Coming to America | Life in Sonoma County #26
Play • 22 min

Coming to America 

We moved from black Kenya to white rural America last month. We were living in Kenya the last year and half and have now moved to Sonoma County in California. Our initial plan before COVID was to come to the States for 3 months- attend Graduation and see friends and Family and then move to Nairobi indifinitely. As the pandemic hit all our plans changed. 

We figured it makes sense for us and our business that we are in the States while there are so many unknowns and instability in the world. So here we are - living very different lives than we did last year. 

In our Coming to America episode, we discuss:

  1. Our lives in Kenya the last year and half
  2. Life in Sonoma County
  3. How Nakuru Kenya is different from Sonoma County in California 
  4. White man living in majority black nation
  5. Black woman living in majority white county

ABOUT US

MATTHEW started his career as an accidental filmmaker. He wrote a “practice script,”  hoping one day he could write one that he could sell or produce. That script became his first film, “Senses of Place,” which went on to win awards on the film festival circuit and was distributed by FilmBuff. 

Matthew then moved to Hollywood where he eventually made nine feature films, eight documentaries, and worked with actors Carrie-Anne Moss, Zac Efron, Edi Gathegi, Melora Hardin and many more. He worked with producers Kevin Costner, Bill Borden – Academy Award winner Francis Ford Coppola and Oscar-nominated director Mike Johnson. He has even shared the screen with Josh Brolin, Neil Patrick Harris, Kane Hodder, Naveen Andrews, and many more.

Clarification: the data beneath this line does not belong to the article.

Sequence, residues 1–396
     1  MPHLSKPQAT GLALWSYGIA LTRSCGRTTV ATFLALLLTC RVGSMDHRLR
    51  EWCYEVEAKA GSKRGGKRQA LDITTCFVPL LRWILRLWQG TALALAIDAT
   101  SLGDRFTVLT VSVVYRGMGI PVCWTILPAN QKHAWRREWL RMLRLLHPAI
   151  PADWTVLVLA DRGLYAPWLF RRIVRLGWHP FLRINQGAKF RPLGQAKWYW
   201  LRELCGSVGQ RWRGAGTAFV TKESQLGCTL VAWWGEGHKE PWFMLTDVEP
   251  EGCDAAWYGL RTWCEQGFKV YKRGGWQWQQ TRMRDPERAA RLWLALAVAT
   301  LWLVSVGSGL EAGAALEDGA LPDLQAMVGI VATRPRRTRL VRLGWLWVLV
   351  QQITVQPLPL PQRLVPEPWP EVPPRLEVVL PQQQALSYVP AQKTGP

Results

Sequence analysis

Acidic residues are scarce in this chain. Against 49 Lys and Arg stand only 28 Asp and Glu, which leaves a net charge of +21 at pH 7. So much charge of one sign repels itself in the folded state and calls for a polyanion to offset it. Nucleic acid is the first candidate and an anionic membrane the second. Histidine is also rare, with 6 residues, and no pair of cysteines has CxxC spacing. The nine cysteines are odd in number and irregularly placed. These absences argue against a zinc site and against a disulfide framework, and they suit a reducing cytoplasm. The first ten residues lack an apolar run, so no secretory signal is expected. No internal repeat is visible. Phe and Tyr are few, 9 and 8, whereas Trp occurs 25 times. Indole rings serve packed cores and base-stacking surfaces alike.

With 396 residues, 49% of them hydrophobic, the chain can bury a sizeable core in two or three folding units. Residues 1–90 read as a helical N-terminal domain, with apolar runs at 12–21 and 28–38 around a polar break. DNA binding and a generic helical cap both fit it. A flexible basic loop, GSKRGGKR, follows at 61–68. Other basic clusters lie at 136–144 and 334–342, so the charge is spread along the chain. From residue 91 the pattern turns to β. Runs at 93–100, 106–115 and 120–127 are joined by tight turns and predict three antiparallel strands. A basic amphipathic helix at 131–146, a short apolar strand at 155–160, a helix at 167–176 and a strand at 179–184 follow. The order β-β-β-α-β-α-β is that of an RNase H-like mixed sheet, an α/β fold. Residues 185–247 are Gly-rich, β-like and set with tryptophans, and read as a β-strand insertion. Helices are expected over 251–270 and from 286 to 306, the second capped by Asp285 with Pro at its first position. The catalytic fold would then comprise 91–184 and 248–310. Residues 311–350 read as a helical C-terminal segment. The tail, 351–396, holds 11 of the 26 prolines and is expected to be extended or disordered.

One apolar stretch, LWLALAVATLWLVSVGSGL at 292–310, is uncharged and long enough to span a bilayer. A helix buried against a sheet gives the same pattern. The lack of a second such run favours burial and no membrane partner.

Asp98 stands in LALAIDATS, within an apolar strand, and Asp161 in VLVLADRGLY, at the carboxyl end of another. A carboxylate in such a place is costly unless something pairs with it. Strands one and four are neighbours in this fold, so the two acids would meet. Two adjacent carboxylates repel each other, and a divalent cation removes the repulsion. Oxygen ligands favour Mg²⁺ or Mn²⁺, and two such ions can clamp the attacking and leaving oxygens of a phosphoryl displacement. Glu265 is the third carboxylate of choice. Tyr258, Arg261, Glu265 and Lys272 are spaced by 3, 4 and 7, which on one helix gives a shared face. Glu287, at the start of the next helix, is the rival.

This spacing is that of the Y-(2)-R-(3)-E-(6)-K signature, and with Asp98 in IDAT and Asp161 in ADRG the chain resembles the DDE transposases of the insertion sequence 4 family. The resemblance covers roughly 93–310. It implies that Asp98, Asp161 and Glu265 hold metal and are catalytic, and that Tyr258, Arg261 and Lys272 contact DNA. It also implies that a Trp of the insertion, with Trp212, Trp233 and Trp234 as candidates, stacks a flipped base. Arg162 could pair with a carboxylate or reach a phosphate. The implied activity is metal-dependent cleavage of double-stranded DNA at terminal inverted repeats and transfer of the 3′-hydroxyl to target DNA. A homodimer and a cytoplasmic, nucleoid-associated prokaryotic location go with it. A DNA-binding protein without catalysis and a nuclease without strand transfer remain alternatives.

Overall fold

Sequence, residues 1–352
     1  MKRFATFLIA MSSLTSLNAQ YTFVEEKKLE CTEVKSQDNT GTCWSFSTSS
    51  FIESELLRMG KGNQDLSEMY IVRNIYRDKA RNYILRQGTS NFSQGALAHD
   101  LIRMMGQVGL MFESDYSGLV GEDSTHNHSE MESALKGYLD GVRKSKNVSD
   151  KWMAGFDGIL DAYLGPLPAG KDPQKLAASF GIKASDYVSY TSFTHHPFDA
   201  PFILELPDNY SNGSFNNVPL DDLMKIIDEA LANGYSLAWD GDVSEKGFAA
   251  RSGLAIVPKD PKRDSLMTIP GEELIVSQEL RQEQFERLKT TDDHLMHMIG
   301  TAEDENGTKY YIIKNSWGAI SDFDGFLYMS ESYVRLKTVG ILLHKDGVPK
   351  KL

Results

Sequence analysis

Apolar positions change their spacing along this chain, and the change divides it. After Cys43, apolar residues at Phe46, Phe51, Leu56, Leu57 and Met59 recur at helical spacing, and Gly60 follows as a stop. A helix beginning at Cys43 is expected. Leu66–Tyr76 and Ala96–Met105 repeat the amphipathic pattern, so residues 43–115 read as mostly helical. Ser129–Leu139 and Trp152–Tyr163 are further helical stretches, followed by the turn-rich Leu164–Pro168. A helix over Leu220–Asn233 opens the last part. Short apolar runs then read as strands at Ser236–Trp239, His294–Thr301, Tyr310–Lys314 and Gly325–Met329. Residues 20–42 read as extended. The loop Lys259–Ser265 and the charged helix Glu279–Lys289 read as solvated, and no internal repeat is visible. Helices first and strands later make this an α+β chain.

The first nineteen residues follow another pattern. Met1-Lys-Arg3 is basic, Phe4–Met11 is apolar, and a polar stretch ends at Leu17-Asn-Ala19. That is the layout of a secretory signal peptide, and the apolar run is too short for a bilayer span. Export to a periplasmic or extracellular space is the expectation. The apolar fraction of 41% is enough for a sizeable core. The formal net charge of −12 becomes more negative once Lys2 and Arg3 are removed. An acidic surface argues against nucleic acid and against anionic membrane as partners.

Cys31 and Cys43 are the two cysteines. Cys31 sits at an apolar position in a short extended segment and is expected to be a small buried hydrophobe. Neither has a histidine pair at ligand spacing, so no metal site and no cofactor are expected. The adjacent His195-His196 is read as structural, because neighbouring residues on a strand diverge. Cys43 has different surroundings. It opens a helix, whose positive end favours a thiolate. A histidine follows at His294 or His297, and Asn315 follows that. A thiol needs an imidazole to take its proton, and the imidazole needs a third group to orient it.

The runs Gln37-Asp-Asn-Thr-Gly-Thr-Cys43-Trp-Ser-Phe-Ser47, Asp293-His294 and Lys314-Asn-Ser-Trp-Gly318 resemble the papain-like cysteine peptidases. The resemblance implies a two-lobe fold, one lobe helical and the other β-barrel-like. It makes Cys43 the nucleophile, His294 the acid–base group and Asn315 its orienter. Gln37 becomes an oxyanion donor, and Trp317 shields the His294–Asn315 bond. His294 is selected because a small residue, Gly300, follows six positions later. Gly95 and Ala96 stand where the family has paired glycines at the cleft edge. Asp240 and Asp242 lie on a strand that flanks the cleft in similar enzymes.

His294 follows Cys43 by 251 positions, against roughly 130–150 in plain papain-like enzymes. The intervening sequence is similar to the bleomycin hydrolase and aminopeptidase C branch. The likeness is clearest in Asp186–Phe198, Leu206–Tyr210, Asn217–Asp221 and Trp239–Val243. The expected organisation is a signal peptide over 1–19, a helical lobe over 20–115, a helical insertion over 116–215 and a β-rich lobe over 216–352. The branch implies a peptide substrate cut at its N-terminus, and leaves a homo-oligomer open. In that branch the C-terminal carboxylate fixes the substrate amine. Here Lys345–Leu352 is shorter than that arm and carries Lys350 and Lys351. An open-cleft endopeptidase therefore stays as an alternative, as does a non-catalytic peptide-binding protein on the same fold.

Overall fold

Last year, he released the documentary film, “Hardball: The Girls of Summer.” Currently, he lives between California and East Africa, writing and developing new projects, while consulting on film and TV projects. 

Visit his website to see his work – or check him out on IMDb.com

CERA graduated from UCLA with a degree in International Development and Entrepreneurship in 2018, after living in Los Angeles for eight years. 

She grew up in rural Kenya and at the age of nine, she lost her childhood home to civil war. That forced her to move to a Nairobi ghetto, where she experienced a different kind of poverty.

This experience shaped her mission. She returned to Kenya to start Ecodunia, a social enterprise that makes a difference in the lives of the poor by creating work opportunities and educating girls from under-priviledged communities. Ecodunia is not only driven by profit, but with a mission to lift people out of generational poverty, while making beautiful, useful and sustainable products. 

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